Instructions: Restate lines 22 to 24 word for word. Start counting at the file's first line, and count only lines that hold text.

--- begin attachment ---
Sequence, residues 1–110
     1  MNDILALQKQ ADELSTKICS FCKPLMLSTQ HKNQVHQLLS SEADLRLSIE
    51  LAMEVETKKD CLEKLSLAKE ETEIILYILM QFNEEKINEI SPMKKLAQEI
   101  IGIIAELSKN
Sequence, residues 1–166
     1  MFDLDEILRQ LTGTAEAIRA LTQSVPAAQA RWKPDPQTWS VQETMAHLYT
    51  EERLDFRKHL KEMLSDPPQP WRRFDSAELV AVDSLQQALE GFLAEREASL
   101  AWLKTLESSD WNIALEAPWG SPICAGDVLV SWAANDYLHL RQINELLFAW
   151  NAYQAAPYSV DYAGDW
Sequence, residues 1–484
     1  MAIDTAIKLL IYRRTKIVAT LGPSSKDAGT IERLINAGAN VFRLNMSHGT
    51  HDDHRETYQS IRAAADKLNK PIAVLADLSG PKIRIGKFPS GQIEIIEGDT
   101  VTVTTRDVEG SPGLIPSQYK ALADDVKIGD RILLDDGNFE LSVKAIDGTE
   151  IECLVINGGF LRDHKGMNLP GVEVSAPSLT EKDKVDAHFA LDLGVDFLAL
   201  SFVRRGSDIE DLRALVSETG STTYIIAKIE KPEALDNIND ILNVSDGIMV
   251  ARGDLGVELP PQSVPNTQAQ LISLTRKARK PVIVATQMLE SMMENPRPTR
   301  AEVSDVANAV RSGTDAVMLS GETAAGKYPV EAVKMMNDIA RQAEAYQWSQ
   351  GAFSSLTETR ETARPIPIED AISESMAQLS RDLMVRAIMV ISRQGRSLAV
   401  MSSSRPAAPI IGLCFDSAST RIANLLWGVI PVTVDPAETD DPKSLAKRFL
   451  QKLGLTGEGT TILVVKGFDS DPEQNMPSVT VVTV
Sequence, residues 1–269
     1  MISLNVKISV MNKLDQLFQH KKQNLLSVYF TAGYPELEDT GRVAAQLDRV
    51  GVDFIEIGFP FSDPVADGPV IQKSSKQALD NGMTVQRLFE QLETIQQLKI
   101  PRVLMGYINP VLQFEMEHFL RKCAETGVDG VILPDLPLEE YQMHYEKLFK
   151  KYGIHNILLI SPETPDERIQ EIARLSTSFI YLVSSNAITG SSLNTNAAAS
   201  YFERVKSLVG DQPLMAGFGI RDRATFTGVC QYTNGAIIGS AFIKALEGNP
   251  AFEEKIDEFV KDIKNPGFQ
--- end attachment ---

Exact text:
     1  MISLNVKISV MNKLDQLFQH KKQNLLSVYF TAGYPELEDT GRVAAQLDRV
    51  GVDFIEIGFP FSDPVADGPV IQKSSKQALD NGMTVQRLFE QLETIQQLKI
   101  PRVLMGYINP VLQFEMEHFL RKCAETGVDG VILPDLPLEE YQMHYEKLFK